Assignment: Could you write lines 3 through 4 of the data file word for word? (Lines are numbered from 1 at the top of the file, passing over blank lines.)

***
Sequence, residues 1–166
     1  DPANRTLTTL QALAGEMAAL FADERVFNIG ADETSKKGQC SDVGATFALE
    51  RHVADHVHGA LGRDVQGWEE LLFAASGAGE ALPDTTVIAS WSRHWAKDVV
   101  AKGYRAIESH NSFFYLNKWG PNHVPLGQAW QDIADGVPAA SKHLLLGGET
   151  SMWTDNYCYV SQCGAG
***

    51  RHVADHVHGA LGRDVQGWEE LLFAASGAGE ALPDTTVIAS WSRHWAKDVV
   101  AKGYRAIESH NSFFYLNKWG PNHVPLGQAW QDIADGVPAA SKHLLLGGET